Graham Ovenden

Graham Ovenden

Born on 11th February 1943, Graham Ovenden is an English artist, writer, painter, and photographer. Between 1954 and 1959, he went to Itchen Grammar School and Albert Ketèlbey taught him music in private. Before taking painting as a subject in 1962, Ovenden studied at Royal College of Music. John Betjeman and Lord David Cecil tutored him. He went to Southampton Art School and in 1968 completed graduation from Royal College of Art. In 1973, he shifted to Cornwall with his family. He was the founding member of Brotherhood of Ruralists, with Ann Arnold, Annie Ovenden, Jann Haworth, Peter Blake, Graham Arnold and David Inshaw.

In addition to his talents and skills, he is also a historian of photographs and a collector of photography from the Victorian era. He understands Victorian illustrations and photography, hence he has edited photo books, like Victorian Children, and Pre-Raphaelite Photography, 1972; Victorian Erotic Photography, and Hill and Adamson Photographs, 1973; Alphonse Mucha, and Clementina Lady Hawarden, 1974; A Victorian Album – Julia Margaret Cameron and Her Circle, 1975; Nymphets and Fairies, 1976; and etc.

Writings by him on photography and art, include On David Inshaw; The Black and White Art of Arthur Hughes; Jane and Elizabeth; A Liddell Family Album; The Pre-Raphaelites; and Ruralism and the New Romanticism.

Graham Ovenden’s work and the man himself have been featured in films and broadcasts, such as Summer with the Ruralists,1978; Figures in a Landscape: The Brotherhood of Ruralists, 1983; Robinson County: The Painter, 1987; Bats in the Belfy – Home Sweet Home, 1989; and World without Walls.

Ovenden’s work has been a topic of controversy since it portrays semi-nude and nude girls in their pre-pubescent age. The United States Customs held back a series of photographs, title States of Grace in 1991, for more than 6 months. After one year, the American Department of Justice labeled the work as sexually explicit and so it was illegal to own it, sell it or import it. However, in a hearing on the same issue in 1992, on the basis of evidences and verbal accounts, the court handed Ovenden his images back. After two months, they were available in America. In 1998, the censor board of New Zealand categorized States of Grace as suitable for everyone.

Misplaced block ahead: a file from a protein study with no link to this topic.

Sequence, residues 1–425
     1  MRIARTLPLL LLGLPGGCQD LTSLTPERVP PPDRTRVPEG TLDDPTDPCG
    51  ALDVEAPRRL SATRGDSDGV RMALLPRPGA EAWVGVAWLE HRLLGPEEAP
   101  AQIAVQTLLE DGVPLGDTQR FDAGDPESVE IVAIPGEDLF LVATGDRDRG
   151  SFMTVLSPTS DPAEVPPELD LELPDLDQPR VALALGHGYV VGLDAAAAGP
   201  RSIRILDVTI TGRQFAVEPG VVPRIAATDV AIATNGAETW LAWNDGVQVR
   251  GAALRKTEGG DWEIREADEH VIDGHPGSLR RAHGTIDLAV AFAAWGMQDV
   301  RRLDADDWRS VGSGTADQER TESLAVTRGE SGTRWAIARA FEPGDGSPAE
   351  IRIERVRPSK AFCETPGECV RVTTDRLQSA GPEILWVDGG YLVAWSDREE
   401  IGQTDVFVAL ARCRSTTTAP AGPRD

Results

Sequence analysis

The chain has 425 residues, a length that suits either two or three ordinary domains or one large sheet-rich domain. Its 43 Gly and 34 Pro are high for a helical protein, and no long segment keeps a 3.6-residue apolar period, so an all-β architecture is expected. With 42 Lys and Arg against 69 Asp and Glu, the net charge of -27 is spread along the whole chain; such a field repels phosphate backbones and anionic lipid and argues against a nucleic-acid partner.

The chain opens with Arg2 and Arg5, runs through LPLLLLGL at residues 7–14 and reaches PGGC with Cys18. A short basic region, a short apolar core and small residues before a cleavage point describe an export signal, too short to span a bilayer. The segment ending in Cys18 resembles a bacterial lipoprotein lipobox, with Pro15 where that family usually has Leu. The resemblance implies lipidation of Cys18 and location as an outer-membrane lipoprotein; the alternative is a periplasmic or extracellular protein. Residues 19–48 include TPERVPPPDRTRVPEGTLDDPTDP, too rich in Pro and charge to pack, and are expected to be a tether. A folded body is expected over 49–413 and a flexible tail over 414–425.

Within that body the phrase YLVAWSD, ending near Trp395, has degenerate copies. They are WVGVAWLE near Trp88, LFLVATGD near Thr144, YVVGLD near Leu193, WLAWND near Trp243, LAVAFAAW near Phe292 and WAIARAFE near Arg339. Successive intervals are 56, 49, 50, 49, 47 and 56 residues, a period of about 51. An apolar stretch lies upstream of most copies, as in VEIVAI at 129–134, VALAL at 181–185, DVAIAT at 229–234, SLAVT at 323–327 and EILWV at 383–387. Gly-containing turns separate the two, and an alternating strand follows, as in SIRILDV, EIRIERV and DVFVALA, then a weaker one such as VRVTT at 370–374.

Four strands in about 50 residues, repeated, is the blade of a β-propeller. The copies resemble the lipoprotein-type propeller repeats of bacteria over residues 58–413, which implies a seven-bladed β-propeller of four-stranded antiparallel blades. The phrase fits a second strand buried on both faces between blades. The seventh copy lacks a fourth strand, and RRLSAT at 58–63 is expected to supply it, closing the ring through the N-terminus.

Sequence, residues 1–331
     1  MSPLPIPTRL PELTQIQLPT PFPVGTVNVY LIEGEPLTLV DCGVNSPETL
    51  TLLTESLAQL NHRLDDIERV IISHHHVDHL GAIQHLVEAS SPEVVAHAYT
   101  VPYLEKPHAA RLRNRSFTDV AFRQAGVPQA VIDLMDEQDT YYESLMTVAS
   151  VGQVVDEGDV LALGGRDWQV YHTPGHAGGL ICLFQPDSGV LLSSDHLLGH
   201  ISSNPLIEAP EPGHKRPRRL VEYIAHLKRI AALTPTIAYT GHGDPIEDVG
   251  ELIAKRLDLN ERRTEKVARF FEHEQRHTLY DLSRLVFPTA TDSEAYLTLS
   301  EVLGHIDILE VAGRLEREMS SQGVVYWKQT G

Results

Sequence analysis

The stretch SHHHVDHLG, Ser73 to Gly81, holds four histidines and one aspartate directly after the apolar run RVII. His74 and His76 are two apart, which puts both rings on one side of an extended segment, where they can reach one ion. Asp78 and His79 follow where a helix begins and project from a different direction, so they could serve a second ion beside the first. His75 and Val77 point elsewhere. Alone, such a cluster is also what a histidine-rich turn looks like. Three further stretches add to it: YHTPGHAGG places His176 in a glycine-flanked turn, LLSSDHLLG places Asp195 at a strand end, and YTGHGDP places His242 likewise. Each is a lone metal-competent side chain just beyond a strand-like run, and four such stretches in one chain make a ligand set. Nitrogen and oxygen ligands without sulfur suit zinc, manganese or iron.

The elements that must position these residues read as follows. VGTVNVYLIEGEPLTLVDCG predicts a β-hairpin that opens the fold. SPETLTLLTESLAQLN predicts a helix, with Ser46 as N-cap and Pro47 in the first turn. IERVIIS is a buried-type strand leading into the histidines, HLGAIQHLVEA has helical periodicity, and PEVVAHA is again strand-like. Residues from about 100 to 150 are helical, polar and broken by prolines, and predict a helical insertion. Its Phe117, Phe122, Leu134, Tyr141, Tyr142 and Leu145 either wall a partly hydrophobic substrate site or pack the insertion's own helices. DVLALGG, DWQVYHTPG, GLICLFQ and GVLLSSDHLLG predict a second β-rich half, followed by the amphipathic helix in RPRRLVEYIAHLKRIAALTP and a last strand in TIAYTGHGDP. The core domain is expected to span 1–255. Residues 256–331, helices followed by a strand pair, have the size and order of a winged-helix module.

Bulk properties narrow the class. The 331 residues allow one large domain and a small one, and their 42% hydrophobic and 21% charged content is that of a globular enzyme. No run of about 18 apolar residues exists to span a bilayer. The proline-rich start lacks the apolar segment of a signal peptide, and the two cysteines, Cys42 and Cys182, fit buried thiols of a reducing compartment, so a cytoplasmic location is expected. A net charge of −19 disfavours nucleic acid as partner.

In 2000, it was announced by the Public Library of San Diego that Graham Ovenden is a major  photographer both historically and in the contemporary times as well. Also, that his work is artistically and culturally important and the work follows the guidelines of the library.

Until 2009, Ovenden’s photographs from the series Five Girls were permanently available at Tate Gallery. Due to a scandal that sparked over a Brooke Shields photograph, the work was no longer accessible on the internet.

In 2010, Scotland Yard’s Obscene Publications Squad seized some photographs by Ovenden, but returned them after Lord Hutchinson did a campaign with his fellow artists David Hockney and Hugh Casson.

Apart from this, there have been some more incidents when Ovenden’s work has been a target of censor authorities, courts and organizations. In fact, he was also accused for exploiting and abusing his young female models. However, the artist denied these accusations.

This was not all that was his work, Graham Ovenden also worked on the beauty and vastness of  landscapes. He did photographic studies of land and sea. For example at Sharpnose point, close to Morwenstow in Cornwall, he captured the flat and calm seas and the contrasting rocky mountains.